Christmas in the Clouds, written and directed by Kate Montgomery, is a Native American comedy of errors that humorously defies Native stereotypes on the big screen. “I wanted to create something that was just light and fun, and really celebrated the great sense of humor that is really central in the Native community,” says Montgomery. Set at a plush Tribal owned and operated ski lodge, Christmas in the Clouds combines multiple cases of mistaken identity and a cast of quirky characters that flies “in the face of stereotypes about Native American people.”
The film begins with retired Chief Joe Clouds on Fire exchanging love letters with a widow, Tina. As a widow, Joe assumes she is approximately his age. Through their letter writing, Tina is led to believe Joe is her age as he leads on that he is the general manager of the ski lodge, a role actually held by his son Ray, an eligible bachelor with an east-coast college education. “He [Joe] thinks because she’s a widow that she’s older, and because he’s misleading her to impress her, she thinks he’s still running things,” explains Montgomery. At the same time, Ray receives a letter notifying him and his staff that a prestigious hotel rating service is sending a critic. The confusion only builds as Tina, a professional woman from New York, decides to surprise Joe by visiting the lodge at exactly the same time the travel critic is expected to arrive. Identities are mistaken; Ray and Tina meet in the lobby; he thinks she’s the critic, she thinks he’s her pen pal, the critic goes unnoticed and hilarity ensues. “I really just wanted to do something positive and fun,” says Montgomery.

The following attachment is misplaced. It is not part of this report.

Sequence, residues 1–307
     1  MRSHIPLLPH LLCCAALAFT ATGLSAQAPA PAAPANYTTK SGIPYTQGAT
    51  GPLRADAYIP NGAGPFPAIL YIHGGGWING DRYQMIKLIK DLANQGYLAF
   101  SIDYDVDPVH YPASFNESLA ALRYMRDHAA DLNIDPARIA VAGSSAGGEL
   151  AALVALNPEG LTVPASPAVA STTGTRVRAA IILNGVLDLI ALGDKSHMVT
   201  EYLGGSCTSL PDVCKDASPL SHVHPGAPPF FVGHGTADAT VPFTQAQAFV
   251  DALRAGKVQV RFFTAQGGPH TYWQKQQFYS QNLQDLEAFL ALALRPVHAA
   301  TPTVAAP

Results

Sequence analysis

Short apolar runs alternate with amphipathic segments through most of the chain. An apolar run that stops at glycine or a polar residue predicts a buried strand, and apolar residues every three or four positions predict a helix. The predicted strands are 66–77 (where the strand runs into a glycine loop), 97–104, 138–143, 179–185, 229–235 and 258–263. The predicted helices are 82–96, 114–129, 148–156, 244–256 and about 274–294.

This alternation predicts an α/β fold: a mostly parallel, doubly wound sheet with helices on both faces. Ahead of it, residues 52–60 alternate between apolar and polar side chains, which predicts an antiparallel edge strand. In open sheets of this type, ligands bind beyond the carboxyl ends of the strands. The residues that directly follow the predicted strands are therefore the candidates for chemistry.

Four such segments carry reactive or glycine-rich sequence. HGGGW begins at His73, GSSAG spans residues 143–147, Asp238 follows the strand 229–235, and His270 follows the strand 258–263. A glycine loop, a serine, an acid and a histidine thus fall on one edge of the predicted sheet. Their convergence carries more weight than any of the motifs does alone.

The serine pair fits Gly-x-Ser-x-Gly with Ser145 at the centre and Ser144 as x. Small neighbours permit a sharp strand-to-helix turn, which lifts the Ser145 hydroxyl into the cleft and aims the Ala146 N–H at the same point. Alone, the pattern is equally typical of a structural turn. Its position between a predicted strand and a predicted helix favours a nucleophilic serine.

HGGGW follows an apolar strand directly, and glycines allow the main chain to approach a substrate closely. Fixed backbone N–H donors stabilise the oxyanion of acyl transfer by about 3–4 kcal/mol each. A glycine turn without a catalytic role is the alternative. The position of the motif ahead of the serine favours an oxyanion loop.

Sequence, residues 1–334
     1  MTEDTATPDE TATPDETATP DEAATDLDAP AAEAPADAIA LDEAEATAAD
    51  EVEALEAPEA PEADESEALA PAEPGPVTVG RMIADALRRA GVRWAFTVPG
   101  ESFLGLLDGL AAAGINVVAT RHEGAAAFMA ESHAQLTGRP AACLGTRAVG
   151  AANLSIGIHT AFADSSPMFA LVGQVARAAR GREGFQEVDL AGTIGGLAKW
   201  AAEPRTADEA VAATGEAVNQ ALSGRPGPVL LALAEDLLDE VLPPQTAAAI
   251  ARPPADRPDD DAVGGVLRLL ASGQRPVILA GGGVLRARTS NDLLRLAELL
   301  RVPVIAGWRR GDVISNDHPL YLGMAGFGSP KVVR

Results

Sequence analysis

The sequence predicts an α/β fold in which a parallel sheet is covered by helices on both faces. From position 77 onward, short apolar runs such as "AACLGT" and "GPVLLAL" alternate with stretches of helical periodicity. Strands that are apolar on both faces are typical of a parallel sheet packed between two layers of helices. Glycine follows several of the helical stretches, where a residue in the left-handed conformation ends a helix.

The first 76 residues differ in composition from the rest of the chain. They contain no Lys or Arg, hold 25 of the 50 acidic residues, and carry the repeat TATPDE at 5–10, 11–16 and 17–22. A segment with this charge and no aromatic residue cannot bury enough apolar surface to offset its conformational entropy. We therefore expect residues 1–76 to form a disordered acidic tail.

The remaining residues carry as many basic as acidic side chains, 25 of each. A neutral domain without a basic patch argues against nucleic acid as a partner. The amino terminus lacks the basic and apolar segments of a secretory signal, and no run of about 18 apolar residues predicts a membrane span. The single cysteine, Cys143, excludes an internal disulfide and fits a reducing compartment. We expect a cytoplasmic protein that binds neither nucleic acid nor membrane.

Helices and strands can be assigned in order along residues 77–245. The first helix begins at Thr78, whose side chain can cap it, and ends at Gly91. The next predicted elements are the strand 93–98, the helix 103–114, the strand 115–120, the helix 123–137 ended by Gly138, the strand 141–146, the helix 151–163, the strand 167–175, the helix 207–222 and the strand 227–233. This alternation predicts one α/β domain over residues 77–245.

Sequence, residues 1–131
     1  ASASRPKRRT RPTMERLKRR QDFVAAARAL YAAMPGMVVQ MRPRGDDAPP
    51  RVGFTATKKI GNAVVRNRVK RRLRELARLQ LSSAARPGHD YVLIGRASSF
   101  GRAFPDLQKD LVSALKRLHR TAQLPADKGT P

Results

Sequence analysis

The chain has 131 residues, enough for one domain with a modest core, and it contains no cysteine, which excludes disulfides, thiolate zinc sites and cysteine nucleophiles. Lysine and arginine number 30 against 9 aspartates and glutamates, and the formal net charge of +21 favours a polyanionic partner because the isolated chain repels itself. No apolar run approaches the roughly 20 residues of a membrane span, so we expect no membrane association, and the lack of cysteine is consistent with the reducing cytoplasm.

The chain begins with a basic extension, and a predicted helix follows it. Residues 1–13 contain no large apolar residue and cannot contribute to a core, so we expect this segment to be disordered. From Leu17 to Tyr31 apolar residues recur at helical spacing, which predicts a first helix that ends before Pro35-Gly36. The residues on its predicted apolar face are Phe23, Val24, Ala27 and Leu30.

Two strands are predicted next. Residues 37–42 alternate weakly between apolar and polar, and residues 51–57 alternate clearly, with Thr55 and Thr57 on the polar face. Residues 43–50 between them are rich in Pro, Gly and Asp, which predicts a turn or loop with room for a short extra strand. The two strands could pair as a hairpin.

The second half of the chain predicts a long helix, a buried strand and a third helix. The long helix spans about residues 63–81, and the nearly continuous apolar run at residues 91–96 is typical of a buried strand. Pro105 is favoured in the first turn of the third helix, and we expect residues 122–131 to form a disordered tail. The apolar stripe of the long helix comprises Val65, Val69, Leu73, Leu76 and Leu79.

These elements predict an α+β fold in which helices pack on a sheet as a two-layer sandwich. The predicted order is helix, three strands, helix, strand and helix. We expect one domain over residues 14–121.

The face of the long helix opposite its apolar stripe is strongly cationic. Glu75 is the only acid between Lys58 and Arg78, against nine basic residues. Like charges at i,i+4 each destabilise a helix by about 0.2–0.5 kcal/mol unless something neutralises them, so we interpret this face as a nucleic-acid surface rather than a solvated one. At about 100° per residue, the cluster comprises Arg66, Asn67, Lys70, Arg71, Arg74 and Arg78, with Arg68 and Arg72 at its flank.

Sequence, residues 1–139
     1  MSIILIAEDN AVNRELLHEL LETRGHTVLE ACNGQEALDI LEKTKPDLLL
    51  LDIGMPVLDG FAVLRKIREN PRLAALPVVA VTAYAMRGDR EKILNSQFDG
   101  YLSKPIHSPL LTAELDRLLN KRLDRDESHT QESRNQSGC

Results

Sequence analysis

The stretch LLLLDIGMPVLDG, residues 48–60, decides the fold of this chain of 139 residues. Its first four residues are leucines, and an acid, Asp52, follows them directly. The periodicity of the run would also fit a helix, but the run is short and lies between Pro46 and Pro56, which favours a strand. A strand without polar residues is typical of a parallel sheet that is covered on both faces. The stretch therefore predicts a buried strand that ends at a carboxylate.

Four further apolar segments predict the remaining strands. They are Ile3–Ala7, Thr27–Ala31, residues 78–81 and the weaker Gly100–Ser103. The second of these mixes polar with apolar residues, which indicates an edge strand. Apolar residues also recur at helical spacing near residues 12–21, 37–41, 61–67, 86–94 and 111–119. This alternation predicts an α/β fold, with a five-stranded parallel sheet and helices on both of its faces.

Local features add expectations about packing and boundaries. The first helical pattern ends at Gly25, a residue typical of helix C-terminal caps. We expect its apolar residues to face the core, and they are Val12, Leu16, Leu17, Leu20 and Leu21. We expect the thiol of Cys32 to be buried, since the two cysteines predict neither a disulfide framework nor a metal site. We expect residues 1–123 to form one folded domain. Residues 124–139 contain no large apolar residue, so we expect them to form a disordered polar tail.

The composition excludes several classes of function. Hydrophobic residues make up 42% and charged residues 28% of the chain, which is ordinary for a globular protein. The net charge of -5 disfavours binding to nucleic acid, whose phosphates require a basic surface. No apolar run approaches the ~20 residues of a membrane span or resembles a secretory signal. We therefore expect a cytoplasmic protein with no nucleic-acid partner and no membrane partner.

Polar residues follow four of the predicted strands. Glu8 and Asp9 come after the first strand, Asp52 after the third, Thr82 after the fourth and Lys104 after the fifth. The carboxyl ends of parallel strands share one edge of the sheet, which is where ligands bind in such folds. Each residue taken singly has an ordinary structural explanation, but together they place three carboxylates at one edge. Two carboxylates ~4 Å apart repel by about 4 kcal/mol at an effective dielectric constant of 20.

Montgomery’s filmmaking style is heavily influenced by her broad creative background. As a child, she loved drawing and painting. “I’m certainly visual, and I’m at home in the visual world,” explains Montgomery. In college, she was a studio art major but changed to history “because I fell in love with history and writing,” she says, “I never really set out to be a filmmaker.” Throughout both high school and college she was also an actor, a skill that lends itself to her script writing allowing her to “inhabit each role” as she writes.
After college, she went to work with a film producer making commercials and corporate films. “I didn’t go to film school; I learned on the job,” explains Montgomery. Working on commercial and corporate productions began to lose its appeal after a while. “For the amount of work you go through to get a commercial sold, you could write a whole script,” she says, “I felt like if I was going to work that hard to get something financed and off the ground I'd just as soon have it be something that really matters to me.”
Interview by Ben Kreimer
Editing done by Ben Kreimer